DOR: I don’t know what Amazon is getting at here. I watch this commercial, and I see an Alexa device misbehaving, being creepy, revealing people’s secrets—all the worst qualities of the product are on display. And apparently all of this is supposed to be wrapped up in the three seconds at the end where they’re like, “No, that’s not how it is at all!”
AMX: I felt like this was an absolute nightmare. I think Ad-Bot said, "We’re going to get this wonderful, beautiful Scarlett Johansson and the potato she’s married to, and we’ll surround them with Alexa." But then it came to, wait, what are we going to say, or do? And they just lost the plot immediately. I mean, talk about playing into our terror. After I watched the video you sent me, I started looking side-eyed at the Alexa in our kitchen. That little devil machine.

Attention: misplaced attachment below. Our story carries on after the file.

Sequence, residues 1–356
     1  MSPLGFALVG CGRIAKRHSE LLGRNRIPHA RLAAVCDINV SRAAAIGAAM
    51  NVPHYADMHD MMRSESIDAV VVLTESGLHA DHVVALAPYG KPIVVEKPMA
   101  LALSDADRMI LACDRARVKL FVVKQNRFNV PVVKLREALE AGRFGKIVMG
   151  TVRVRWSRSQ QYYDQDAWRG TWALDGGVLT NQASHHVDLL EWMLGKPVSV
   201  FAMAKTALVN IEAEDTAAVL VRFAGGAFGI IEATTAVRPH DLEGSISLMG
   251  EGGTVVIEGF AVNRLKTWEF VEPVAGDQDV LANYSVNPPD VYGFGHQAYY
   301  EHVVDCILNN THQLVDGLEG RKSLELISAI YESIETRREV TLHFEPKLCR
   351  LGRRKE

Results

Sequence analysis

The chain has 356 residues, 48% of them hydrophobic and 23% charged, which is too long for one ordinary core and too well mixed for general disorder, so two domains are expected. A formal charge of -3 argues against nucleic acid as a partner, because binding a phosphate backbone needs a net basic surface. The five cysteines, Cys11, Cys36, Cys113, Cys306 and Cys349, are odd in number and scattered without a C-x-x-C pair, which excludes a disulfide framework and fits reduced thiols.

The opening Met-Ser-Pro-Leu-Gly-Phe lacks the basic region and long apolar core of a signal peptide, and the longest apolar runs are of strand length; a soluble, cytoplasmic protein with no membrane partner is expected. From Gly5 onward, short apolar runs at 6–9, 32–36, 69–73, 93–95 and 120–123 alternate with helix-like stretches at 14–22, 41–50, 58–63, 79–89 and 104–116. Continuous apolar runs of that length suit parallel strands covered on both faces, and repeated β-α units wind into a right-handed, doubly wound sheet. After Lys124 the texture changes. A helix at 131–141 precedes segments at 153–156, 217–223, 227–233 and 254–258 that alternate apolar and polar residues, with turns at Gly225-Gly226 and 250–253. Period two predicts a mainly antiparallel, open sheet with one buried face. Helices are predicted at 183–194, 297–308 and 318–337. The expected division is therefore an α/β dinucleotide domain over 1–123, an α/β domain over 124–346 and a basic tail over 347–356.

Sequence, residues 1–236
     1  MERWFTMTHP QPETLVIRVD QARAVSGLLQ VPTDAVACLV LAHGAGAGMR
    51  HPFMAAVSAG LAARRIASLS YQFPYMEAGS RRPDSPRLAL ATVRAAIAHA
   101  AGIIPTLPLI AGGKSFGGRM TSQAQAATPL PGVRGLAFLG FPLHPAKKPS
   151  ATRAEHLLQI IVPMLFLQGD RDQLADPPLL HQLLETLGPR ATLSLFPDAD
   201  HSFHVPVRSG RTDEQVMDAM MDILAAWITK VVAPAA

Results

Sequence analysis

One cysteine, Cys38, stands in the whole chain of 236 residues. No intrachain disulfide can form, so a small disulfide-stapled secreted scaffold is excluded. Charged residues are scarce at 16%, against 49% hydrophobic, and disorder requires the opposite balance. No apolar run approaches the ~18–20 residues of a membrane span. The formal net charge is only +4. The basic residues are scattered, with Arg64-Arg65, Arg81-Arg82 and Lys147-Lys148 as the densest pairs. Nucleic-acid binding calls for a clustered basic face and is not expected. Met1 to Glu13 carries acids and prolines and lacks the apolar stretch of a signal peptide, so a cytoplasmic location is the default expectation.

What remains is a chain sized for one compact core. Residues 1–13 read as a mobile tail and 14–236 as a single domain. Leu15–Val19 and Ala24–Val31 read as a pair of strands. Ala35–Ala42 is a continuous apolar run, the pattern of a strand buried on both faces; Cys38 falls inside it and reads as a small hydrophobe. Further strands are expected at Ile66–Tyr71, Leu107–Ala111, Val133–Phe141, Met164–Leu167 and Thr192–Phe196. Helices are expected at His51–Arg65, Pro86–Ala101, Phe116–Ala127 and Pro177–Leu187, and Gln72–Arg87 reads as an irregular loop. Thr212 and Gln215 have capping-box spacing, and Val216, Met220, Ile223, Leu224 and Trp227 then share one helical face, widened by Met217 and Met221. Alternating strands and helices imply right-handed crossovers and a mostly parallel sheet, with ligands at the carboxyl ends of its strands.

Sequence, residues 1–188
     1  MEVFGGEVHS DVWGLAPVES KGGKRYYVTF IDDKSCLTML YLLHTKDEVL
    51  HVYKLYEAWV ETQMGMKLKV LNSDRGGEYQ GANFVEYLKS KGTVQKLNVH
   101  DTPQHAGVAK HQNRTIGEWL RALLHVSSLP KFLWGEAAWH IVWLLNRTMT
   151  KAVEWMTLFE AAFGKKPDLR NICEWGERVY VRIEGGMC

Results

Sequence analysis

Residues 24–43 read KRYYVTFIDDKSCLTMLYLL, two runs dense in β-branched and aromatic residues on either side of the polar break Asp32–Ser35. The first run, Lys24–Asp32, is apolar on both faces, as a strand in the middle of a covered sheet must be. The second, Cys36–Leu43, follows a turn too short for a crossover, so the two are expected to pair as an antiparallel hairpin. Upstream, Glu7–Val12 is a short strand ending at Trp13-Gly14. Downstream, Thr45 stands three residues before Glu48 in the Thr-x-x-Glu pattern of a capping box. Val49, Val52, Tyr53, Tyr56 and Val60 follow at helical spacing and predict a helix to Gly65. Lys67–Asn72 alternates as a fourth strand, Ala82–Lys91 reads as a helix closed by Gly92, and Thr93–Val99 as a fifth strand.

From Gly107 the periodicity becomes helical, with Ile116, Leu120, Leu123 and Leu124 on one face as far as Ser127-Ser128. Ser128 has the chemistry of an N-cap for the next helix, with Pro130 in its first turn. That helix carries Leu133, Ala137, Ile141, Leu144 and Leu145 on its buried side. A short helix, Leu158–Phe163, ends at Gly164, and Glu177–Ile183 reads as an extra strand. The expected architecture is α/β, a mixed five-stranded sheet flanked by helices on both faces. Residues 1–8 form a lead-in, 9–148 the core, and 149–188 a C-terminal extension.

DOR: Oh yeah. Throw that thing in the trash.
AMX: So I have no idea what they were trying to get at, aside from, “Do you want to be like this incredibly rich couple?”
DOR: To me, the actual commercial is the first three seconds, where he says a thing, and all this stuff in the house lights up. Everything beyond that muddles the message.
AMX: After that, it turns into a dystopia. I pride myself on understanding what an advertiser is trying to communicate, and I had no idea. If you’re a casual viewer, you must be thinking, “Oh… is this a new thing they’re doing with Alexa? They’re going to be able to predict what you want?” And Amazon is like, “No, of course not. We just listen to you while you’re talking.”
DOR: They could have used a little more, say, harp glissando, and wavy video effect, to indicate that we have crossed the line into fantasy. Because the “Wouldn’t this be crazy?” part looks exactly like the happy-rich-couple part.